Drivers in British Columbia continue to pay the highest average auto insurance premiums in the country, according to new industry numbers.
The data is from a statistical agency run by Canada’s provincial insurance regulators.
It found that the average auto insurance premium in B.C. is $1,832, compared with $1,505 in Ontario, and $1,316 in Alberta.
(The average premium is calculated by comparing total premiums collected from passenger vehicles in each province and dividing it by the number of those vehicles).
The report also finds that according to the Insurance Corporation of British Columbia’s (ICBC) latest financial statements, prices in B.C. are expected to continue rising in the years ahead.
“While many important changes are underway in B.C., none are expected to begin to reduce the price most drivers are paying,” said Aaron Sutherland, Vice-President, Pacific, Insurance Bureau of Canada (IBC).
Sutherland argues that the best solution is top open ICBC’s monopoly to competition and allow British Columbians to shop around for their auto insurance needs.
“Competition is a powerful incentive for any company to deliver the best product at the best possible price. Auto insurance is no exception to this rule,” said Sutherland.
Faced with a similar assertion from the IBC in the spring, ICBC responded in a statement that that would not work.
“No private insurer could come into B.C. and offer the rates they offer in Alberta,” ICBC said in March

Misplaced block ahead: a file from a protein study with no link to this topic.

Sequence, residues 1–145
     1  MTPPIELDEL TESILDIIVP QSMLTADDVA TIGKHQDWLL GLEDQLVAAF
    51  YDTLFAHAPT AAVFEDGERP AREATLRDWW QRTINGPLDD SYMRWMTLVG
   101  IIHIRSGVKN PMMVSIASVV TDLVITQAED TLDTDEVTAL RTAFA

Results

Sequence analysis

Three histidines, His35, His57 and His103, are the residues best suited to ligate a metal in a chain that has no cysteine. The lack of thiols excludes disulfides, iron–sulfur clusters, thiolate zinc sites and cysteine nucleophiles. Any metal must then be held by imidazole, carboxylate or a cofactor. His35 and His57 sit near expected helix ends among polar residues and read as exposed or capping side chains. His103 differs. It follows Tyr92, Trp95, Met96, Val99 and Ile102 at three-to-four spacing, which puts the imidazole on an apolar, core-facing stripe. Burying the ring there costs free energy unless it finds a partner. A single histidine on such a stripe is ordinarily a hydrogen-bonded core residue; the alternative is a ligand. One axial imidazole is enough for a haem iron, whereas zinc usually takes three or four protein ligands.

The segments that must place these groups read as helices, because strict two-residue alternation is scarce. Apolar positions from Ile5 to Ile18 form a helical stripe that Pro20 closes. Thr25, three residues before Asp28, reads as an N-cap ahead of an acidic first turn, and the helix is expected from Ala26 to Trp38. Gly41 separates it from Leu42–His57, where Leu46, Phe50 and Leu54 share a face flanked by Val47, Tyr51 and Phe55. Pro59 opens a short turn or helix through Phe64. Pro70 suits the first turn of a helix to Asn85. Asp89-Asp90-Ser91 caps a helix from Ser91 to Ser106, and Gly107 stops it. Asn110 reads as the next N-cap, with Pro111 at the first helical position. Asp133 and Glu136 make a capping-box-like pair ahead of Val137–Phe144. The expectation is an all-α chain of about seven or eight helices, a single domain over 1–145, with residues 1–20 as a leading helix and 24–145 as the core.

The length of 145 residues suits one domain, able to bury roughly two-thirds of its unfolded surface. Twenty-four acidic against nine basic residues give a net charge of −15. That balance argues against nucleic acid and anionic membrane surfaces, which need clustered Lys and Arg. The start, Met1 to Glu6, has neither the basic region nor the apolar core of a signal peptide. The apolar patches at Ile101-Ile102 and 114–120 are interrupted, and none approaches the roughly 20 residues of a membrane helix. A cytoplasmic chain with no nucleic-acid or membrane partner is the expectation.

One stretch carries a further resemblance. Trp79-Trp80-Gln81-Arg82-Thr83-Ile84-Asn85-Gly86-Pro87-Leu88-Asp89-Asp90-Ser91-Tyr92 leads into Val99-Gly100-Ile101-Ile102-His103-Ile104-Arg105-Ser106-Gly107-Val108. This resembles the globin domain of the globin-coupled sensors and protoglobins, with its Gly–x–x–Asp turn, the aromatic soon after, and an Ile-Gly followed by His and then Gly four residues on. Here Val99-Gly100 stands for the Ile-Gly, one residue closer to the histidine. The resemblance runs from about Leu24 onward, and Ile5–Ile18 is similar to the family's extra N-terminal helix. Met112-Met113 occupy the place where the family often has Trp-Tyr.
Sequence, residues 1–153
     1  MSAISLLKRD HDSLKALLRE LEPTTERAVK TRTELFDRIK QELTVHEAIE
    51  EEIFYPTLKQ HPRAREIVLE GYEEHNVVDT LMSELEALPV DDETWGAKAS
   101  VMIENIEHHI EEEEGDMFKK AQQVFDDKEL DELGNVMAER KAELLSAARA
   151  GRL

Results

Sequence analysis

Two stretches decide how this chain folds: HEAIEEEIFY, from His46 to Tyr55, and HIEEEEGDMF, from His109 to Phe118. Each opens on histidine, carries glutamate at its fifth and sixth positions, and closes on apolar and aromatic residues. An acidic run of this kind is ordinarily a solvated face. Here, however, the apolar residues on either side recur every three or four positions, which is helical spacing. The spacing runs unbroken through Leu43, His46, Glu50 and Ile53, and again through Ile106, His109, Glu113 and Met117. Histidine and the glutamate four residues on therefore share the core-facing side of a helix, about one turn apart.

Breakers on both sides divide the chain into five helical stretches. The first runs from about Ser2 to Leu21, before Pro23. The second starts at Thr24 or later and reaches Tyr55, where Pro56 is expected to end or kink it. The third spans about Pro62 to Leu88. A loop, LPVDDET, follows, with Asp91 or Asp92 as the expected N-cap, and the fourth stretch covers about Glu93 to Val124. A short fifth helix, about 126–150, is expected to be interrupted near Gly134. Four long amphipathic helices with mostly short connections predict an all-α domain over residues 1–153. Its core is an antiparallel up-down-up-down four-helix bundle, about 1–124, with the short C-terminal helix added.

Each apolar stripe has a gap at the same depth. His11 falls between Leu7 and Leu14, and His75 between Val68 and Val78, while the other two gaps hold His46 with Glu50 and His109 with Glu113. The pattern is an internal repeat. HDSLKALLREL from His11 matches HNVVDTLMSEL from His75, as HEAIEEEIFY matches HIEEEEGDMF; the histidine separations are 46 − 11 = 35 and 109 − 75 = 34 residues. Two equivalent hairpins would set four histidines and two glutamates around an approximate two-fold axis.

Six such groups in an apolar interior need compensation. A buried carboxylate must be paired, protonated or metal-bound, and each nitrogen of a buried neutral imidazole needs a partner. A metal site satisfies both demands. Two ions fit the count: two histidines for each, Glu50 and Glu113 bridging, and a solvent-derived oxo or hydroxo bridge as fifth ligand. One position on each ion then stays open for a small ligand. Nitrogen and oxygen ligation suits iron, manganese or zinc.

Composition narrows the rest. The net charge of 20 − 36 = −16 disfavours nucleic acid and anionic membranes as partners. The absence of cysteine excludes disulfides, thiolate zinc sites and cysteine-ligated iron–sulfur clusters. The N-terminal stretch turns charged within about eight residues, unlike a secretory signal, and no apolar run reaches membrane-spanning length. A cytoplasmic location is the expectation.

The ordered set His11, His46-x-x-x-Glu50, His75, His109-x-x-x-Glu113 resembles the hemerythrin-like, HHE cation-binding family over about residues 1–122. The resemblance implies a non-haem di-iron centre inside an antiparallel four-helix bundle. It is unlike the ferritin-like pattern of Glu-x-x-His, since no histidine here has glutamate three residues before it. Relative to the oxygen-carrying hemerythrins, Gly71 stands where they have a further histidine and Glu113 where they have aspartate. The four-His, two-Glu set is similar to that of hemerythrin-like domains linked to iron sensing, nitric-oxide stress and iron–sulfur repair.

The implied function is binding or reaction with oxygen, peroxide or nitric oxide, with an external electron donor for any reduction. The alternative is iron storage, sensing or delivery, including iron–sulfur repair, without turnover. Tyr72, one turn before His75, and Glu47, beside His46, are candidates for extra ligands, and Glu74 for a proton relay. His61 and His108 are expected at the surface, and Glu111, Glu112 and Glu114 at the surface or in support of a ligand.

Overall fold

The neighbouring provinces have very different insurance models.
In B.C., ICBC is responsible for providing mandatory auto insurance, and basic and optional insurance is sold exclusively through a province-wide network of approximately 900 brokers.
In Alberta, auto insurance is sold through a competitive market. According to the Insurance Board of Canada, approximately 43 companies sell both basic and optional auto insurance to Albertans.
ICBC is struggling financially. Between 2014 and 2016, its total net income decreased by $1.3 billion.
Major changes at ICBC are coming into effect in 2019 including adjusting the rate model to favour good drivers and lower their rates.
Attorney General David Eby says B.C. is about five years behind a much needed auto insurance overhaul.
“We’re slowly turning the corner,” he said.
With files from CBC